Beliefnet
Mark D. Roberts

Part 10 of series: What is the Christian Life?
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So far in this series, I have been exploring the idea that the Christian life is, essentially, intimate fellowship with God and God’s people. I have based my discussion primarily on the first letter of John in the New Testament, where he uses the Greek word koinonia to describe the Christian life. This word, often translated as “fellowship,” points to a deep, committed relationship. Hence my translation “intimate fellowship.”
Today and tomorrow I want to show how the notion of intimate fellowship encompasses four common ideas of the Christian life.
If you were to poll a bunch of Christians, asking them “What is the Christian life?” you’d get a variety of answers. Among these you would commonly hear something like:

1. The Christian life is being in heaven after death.
2. The Christian life is feeling joy and peace in the Lord.
3. The Christian life is believing the right things about God and Jesus.
4. The Christian life is doing what God commands in his Word.

Each of these ideas is true to an extent. But each idea fails to encompass the diversity and depth of the Christian life. Intimate fellowship, however, is an elastic enough concept to embrace these four common ideas, allowing their partial truths to find completeness in a larger whole. Let me explain.
1. The Christian Life as Heaven?
The Christian life does include being in heaven after death. Those who think of the Christian life in this way correctly identify a core hope of our faith, but put too much emphasis upon post-mortem existence, overlooking the present reality of Christian living. When we think of the Christian life as intimate fellowship with God and God’s people, however, we understand that this fellowship begins the moment we believe in Jesus. It starts now and extends forever. Our koinonia continues beyond death, though we don’t have to wait until we die to experience it.
Putting emphasis upon intimate fellowship also clarifies the biblical sense of heaven. We often speak of heaven as a place, but most importantly it is the “place” where God dwells. To be “in heaven” is to be “with God.” The New Testament speaks of our future, not primarily in terms of some mysterious spiritual geography, but in terms of relationship. Our everlasting future will be “with the Lord” or “with Christ” (1 Thess 4:17; Phil 1:23). For this reason, Scripture can even speak of heaven as a present reality, since we already live with Christ (Eph 2:6). Yet we yearn for a more complete experience of heaven, not because it’s such a great place to live, but because it is the dwelling place of such a great God. In time, heaven will come to earth as God will dwell here among us (see Revelation 21, for example. Photo: Not heaven, but close. A tributary of the Gallatin River in Montana.)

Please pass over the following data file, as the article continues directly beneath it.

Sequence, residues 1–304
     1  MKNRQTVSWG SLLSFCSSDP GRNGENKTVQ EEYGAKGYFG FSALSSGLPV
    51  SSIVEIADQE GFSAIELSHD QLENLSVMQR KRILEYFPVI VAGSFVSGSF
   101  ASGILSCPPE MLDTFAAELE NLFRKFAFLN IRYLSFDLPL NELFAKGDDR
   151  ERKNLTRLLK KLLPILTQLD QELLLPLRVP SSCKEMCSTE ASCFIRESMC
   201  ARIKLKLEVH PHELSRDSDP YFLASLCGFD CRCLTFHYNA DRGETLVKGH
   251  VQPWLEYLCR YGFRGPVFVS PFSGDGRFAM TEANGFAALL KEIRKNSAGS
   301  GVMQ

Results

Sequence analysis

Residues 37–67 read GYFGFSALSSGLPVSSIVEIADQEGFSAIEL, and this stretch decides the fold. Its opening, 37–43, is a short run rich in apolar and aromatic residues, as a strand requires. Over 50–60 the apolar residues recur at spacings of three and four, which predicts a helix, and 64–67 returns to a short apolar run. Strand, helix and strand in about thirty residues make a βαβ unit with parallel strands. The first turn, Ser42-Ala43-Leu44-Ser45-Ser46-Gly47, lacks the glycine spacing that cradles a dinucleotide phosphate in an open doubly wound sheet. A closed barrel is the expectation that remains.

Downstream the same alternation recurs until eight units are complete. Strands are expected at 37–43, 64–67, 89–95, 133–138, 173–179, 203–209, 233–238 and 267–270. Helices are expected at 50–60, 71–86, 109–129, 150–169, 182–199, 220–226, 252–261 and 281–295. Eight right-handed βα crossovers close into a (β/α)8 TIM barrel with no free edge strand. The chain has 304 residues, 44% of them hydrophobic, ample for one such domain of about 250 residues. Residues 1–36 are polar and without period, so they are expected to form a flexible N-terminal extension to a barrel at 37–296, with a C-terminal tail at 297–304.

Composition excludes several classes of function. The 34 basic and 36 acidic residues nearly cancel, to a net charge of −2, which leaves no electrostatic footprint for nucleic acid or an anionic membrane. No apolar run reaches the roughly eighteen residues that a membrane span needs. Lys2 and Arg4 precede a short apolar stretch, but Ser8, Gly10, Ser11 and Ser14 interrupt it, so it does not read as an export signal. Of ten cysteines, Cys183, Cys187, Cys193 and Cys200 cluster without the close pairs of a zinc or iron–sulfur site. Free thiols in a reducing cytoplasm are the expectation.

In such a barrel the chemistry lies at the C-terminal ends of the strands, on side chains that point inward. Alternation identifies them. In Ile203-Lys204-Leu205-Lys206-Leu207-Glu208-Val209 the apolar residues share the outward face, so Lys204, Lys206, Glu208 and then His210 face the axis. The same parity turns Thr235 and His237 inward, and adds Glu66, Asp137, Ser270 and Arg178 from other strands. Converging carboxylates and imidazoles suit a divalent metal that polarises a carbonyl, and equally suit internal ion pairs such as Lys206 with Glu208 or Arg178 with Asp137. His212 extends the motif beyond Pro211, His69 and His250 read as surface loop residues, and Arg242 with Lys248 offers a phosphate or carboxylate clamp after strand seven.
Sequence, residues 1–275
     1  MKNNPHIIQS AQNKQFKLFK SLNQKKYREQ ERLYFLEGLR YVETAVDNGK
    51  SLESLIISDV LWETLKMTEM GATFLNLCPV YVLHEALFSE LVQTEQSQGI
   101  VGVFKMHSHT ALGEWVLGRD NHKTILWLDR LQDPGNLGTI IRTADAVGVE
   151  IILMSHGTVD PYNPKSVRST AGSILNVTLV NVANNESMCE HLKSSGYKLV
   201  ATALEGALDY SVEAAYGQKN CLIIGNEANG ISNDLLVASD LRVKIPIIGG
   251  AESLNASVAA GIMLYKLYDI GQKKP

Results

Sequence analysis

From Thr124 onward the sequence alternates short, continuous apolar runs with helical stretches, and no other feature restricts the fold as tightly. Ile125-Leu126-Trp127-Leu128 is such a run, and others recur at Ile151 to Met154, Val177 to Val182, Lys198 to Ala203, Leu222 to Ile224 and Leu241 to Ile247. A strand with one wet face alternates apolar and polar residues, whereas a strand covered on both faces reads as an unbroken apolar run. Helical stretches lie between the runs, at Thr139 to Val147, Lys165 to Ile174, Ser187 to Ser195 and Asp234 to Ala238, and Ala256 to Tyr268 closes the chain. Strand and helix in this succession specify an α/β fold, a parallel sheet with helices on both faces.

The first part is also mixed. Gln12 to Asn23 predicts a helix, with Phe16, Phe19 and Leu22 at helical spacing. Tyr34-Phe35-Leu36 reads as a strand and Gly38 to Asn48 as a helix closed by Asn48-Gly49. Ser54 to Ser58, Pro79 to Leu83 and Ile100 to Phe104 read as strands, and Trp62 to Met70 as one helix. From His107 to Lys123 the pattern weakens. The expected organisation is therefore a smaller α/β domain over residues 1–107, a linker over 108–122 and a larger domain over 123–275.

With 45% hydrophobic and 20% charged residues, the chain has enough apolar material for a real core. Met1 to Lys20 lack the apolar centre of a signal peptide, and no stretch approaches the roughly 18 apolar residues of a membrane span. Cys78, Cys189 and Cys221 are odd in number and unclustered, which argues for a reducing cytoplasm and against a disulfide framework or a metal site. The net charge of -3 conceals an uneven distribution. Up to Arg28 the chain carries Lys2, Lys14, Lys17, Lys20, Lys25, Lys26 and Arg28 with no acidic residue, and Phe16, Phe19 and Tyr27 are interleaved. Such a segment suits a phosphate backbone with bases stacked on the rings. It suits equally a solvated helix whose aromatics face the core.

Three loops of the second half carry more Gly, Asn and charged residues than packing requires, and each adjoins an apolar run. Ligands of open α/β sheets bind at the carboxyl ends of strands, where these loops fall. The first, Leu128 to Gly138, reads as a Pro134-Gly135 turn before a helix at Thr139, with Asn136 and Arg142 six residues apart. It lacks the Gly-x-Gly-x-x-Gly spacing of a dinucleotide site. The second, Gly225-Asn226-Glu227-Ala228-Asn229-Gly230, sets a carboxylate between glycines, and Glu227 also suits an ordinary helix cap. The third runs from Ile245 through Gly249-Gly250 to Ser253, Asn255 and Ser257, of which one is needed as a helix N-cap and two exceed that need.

2. The Christian Life as Joy and Peace in the Lord?
Surely the Christian life includes feeling joy and peace in the Lord. Although, taken alone, this notion puts too much weight upon certain positive emotions, such feelings often proceed from fellowship with Christ. Jesus makes this clear when he says that abiding in him – another way of talking about koinonia – will lead to overflowing joy (John 15:11). Moreover, when in times of worry we share in fellowship with God through prayer, then we “will experience God’s peace, which is far more wonderful than the human mind can understand. His peace will guard [our] hearts and minds as [we] live in Christ Jesus” (Phil 4:7). Joy and peace will be the sweet fruit of growing intimacy with God.
At the same time, we must never reduce the Christian life to positive feelings. For one thing, no Christians are immune from unhappy feelings such as grief or fear. For another, positive feelings are a common by-product of relationship with God, but not the relationship itself. The Christian life is rather like a marriage, in that marriage often includes warm feelings of love, but is not to be identified with those feelings.
These days, you’ll often hear people talk about worship in terms of their personal feelings. If they felt something tangible, such as joy or peace, in a worship service, then they really worshiped. If the feelings were absent, then so was real worship. But this confuses worship with feelings that often come as we worship. In fact, worship is not feeling something, but rather offering praise, thanks, adoration, confession, and ultimately ourselves to God. Genuine worship often includes genuine emotions, but emotions are not worship. Worship is an action, something we choose to do in order to honor the Lord.

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